Having really enjoyed Five Tuesdays in Winter, I was keen to read a novel. This was the only one available at my library.
Here’s the blurb
English anthropologist Andrew Bankson has been alone in the field for several years, studying the Kiona river tribe in the Territory of New Guinea. Haunted by the memory of his brothers’ deaths and increasingly frustrated and isolated by his research, Bankson is on the verge of suicide when a chance encounter with colleagues, the controversial Nell Stone and her wry and mercurial Australian husband Fen, pulls him back from the brink. Nell and Fen have just fled the bloodthirsty Mumbanyo and, in spite of Nell’s poor health, are hungry for a new discovery. When Bankson finds them a new tribe to divert them from leaving Papua New Guinea, the artistic, female-dominated Tam, he ignites an intellectual and romantic firestorm between the three of them that burns out of anyone’s control.
Set between two World Wars and inspired by events in the life of revolutionary anthropologist Margaret Mead, Euphoria is an enthralling story of passion, possession, exploration, and sacrifice.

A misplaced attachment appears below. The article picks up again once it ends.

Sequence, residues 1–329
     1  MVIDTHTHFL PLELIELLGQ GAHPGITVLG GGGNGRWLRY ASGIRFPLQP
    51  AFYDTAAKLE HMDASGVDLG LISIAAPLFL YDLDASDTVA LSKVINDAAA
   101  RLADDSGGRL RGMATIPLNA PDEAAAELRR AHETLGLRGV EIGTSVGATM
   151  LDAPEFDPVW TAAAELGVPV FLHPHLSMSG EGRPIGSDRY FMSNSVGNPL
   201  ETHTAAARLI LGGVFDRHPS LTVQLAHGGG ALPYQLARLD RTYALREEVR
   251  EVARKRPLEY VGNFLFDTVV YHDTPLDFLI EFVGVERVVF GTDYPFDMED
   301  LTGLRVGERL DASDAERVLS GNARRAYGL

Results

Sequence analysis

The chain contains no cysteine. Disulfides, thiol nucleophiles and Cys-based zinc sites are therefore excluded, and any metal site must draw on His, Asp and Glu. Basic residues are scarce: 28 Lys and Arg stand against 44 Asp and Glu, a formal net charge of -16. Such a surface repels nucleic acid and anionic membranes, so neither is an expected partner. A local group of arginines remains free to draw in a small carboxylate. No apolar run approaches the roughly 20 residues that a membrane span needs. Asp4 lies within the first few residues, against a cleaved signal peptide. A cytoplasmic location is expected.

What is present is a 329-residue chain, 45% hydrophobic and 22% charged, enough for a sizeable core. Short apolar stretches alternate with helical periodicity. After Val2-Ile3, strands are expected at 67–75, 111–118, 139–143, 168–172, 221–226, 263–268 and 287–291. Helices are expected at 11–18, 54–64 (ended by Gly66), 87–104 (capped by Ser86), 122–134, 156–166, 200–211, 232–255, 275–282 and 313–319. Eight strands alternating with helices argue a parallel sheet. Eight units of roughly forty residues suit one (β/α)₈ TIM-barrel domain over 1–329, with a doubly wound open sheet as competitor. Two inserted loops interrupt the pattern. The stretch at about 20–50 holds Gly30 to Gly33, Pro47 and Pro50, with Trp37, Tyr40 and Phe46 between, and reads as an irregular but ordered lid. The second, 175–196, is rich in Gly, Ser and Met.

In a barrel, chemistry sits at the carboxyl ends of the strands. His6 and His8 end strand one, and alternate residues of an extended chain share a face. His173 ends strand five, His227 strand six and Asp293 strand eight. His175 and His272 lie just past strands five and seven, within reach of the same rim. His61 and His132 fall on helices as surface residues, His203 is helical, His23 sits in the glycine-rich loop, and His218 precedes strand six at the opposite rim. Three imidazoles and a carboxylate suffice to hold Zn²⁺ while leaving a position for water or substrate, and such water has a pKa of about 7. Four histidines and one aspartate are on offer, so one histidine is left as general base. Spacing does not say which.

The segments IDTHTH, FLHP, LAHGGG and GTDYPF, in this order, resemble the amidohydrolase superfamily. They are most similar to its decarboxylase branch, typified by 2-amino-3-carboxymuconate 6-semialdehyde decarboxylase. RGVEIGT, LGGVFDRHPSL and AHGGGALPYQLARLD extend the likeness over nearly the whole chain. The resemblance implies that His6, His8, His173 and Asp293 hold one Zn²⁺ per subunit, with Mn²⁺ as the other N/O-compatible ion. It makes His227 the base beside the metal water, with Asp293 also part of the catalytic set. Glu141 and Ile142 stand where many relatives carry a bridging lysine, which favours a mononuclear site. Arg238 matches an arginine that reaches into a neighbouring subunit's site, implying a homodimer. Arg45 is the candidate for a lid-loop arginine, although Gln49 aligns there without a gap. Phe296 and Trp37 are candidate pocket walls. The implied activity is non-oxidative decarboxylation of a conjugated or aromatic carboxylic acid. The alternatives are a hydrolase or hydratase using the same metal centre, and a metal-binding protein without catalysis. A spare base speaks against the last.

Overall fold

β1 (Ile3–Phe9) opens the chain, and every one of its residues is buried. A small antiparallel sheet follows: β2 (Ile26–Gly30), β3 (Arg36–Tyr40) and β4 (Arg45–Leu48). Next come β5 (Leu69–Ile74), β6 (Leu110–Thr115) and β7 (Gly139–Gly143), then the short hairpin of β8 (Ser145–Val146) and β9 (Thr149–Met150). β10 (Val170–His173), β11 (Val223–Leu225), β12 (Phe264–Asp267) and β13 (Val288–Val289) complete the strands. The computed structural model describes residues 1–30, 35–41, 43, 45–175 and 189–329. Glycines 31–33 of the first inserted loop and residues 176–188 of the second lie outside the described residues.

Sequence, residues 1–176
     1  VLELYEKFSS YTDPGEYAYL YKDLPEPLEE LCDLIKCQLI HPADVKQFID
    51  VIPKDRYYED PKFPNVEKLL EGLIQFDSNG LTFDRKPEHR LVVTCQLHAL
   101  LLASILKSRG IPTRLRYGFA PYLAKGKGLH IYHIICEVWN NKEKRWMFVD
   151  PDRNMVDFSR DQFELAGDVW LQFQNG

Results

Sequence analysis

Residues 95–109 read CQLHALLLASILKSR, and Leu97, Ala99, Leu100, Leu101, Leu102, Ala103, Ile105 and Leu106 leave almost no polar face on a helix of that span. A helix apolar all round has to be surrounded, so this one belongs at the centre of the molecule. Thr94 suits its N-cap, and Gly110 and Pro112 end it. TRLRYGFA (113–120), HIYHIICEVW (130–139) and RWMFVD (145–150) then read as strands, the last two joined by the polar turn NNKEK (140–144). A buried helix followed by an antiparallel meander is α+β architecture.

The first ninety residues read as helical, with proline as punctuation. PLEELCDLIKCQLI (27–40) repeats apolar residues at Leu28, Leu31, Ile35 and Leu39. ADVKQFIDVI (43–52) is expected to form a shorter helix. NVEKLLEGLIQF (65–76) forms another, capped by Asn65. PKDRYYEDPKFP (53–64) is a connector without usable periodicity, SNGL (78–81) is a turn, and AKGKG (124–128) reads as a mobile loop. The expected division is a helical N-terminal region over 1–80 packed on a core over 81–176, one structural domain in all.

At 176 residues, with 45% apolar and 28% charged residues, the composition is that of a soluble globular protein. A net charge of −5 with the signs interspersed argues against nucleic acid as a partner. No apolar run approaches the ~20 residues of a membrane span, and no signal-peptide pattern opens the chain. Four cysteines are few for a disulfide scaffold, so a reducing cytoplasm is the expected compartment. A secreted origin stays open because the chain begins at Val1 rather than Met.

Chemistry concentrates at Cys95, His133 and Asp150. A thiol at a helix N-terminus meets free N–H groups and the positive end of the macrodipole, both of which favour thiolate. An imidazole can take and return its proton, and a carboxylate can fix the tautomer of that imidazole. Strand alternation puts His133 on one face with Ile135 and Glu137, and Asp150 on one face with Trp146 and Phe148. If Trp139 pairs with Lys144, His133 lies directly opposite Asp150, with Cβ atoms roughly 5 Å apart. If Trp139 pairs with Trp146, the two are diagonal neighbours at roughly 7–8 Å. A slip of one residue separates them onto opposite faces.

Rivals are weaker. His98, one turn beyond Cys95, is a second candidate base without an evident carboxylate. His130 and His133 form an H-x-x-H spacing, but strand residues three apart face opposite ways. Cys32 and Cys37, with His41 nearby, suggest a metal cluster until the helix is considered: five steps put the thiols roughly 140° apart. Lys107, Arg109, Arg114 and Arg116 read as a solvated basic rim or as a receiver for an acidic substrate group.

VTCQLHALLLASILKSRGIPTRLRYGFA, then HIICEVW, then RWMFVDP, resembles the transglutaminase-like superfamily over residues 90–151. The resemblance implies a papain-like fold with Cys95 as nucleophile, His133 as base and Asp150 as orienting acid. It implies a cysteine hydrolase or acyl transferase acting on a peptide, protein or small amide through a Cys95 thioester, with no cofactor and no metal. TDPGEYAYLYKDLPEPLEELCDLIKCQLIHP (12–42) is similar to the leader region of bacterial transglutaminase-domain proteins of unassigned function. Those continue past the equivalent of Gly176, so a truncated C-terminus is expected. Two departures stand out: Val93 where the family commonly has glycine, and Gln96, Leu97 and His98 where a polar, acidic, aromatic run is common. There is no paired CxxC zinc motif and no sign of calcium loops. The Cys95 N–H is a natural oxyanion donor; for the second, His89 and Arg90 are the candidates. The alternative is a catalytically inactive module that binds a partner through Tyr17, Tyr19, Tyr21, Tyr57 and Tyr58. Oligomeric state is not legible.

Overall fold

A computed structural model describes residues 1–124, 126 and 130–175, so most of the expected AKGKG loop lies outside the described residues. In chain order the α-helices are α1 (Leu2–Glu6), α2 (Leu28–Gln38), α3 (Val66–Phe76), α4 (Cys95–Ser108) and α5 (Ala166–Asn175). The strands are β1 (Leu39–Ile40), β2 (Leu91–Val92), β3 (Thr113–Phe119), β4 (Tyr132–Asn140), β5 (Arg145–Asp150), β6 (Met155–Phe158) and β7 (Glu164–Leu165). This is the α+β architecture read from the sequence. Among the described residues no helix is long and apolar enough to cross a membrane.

Once again the writing was beautiful, but the subject didn’t appeal to me.
I know I read about this book somewhere, but I can’t remember where or when I first heard about it. This is my first Lily King book and I was surprised it was short stories (clearly I didn’t read the back before I bought it). I really enjoyed it, all of the stories, not just one or two. My favourite was ‘When in the Dordogne’ (here’s a review of it).
Here’s the blurb …
By the award-winning, New York Times bestselling author of Writers & Lovers, Lily King’s first-ever collection of exceptional and innovative short stories
Told in the intimate voices of unique and endearing characters of all ages, these tales explore desire and heartache, loss and discovery, moments of jolting violence and the inexorable tug toward love at all costs. A bookseller’s unspoken love for his employee rises to the surface, a neglected teenage boy finds much-needed nurturing from an unlikely pair of college students hired to housesit, a girl’s loss of innocence at the hands of her employer’s son becomes a catalyst for strength and confidence, and a proud nonagenarian rages helplessly in his granddaughter’s hospital room. Romantic, hopeful, brutally raw, and unsparingly honest, some even slipping into the surreal, these stories are, above all, about King’s enduring subject of love.
The writing is fabulous, the characters nuanced – it’s the ordinary made extraordinary. There is a somewhat common theme of alcoholism (more particularly alcoholic parents neglecting their children), but there is love and kindness as well.
This is one of my favourite books of the year. I have since got Euphoria out of the library.